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]. This model (Kissinger) is also employed to study the thermal stability of current CdS/PMMA system in terms of activation energy which is given by the following relation: 2 where α is the heating rate, C is constant, and E t is the glass

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Meaningful activation energies for complex systems II

Evaluation of the Friedman method when applied to multiple reactions, and comparison with the Ozawa-Flynn-Wall method

Journal of Thermal Analysis and Calorimetry
Author: D. R. Dowdy

The validity of the Friedman method is assessed for systems of overlapping reactions. By means of mathematical analysis and numerical examples it is shown that, in the case of competitive reactions, the method gives the true value of the instantaneous mean activation energy. However, some error may be incurred if this method is applied to systems of independent reactions. The relative accuracy of the Friedman and Ozawa-Flynn-Wall methods is discussed in respect of complex systems of reactions.

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The measurement of meaningful activation energies

Using thermoanalytical methods. A tentative proposal

Journal of Thermal Analysis and Calorimetry
Authors: M. Reading, D. Dollimore, J. Rouquerol, and F. Rouquerol

The uncertainty surrounding the significance of the measured kinetic parameters of solid state decomposition reactions is discussed briefly. Some suggestions are made about what precautions should be taken in order to favour the measurement of undistorted results. Some criteria are proposed for deciding whether a measuredE value can be considered to have its usual meaning. The results of a series of experiments aimed at measuring the activation energy of the decomposition of calcium carbonate using a variety of methods, sample sizes and experimental conditions are presented. These results are compared with results found in the literature and it is concluded that it is possible to measure a reproducible value forE and it is tentatively proposed that this value is meaningful in terms of the energy barrier model of chemical reaction kinetics.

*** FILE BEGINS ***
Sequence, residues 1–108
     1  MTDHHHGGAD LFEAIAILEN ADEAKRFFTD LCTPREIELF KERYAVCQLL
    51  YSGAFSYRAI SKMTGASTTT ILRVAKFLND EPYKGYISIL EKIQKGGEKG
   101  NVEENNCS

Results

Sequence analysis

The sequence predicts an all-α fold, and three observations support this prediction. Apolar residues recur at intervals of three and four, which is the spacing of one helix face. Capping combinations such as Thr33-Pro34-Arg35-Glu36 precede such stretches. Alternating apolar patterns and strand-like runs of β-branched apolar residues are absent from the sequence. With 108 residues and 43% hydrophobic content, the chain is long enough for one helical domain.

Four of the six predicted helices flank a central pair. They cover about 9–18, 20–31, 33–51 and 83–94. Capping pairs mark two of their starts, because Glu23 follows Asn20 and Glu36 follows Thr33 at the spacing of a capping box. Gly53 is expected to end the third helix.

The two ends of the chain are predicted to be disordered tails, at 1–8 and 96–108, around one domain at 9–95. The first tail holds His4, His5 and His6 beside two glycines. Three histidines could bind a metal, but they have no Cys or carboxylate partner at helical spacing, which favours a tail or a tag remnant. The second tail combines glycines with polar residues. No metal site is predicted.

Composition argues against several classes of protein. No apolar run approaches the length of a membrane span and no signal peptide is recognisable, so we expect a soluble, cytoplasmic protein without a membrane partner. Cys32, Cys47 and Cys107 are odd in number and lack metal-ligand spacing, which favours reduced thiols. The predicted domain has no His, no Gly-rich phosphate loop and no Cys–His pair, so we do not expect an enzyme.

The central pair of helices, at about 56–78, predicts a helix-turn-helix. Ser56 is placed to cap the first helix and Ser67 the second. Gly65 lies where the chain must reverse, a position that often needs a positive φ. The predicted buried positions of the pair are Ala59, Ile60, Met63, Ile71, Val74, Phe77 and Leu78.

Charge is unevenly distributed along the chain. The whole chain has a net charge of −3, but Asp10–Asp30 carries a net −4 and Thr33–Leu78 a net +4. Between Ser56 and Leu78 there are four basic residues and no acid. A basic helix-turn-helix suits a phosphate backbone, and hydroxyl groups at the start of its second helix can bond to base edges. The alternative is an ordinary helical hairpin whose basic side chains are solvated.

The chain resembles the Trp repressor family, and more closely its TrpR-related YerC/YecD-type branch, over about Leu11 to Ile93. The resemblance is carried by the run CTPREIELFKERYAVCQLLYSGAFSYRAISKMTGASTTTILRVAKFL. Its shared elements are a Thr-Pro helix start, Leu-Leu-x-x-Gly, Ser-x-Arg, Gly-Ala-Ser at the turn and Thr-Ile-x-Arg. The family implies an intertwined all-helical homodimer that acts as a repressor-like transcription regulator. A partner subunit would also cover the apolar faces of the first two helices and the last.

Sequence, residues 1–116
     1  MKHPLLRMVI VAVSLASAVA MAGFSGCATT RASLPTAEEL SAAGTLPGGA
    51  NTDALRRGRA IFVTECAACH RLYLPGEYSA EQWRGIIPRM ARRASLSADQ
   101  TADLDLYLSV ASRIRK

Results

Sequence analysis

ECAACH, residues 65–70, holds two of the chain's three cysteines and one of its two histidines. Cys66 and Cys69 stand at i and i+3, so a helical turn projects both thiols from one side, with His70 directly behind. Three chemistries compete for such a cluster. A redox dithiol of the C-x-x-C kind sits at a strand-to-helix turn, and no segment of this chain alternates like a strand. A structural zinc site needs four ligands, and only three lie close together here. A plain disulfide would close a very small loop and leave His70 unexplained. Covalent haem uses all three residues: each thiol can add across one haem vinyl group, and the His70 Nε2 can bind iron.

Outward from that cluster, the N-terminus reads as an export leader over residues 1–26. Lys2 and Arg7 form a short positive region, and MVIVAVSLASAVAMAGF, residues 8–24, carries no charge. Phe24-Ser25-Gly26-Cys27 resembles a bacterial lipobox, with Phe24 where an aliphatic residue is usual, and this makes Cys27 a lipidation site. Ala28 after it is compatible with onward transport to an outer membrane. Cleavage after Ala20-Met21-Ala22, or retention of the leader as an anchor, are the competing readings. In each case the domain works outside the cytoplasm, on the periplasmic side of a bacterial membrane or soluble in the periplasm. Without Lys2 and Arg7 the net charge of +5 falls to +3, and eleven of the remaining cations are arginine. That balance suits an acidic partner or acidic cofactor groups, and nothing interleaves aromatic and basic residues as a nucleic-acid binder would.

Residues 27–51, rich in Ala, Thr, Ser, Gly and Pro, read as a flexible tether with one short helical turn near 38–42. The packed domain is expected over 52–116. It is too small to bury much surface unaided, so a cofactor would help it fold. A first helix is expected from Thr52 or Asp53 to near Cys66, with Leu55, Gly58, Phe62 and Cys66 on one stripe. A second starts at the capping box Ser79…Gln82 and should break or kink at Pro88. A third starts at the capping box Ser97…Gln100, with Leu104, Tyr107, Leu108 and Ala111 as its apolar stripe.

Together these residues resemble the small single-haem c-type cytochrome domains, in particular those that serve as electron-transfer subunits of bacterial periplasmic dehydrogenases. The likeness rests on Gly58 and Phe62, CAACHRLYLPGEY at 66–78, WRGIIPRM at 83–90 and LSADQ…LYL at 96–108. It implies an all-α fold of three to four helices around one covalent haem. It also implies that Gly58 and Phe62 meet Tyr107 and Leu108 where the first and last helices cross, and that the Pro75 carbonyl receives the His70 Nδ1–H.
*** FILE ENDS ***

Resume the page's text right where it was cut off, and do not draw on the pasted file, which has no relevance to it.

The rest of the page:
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to calculate thermodynamic parameters such as change in activation energy for dipole orientation Δ G* , enthalpy Δ H* , entropy of activation Δ S* , and the other temperature dependent parameters such as relaxation time τ , the distribution parameter

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Summary  

Activation energy was experimentally determined using the curve-fitting, initial-rise and the peak-shape methods involving pulse annealing experiments in NaCl samples irradiated at 10, 20, 30 and 40 Gy beta-doses and infrared stimulated luminescence (IRSL) signal at a temperature range of 100-300 °C. It was observed that the activation energy for NaCl decreases as the dose increased. The results were compared to other studies and discussed.

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Journal of Thermal Analysis and Calorimetry
Authors: L. Núñez-Regueira, M. Villanueva, and I. Fraga-Rivas

Abstract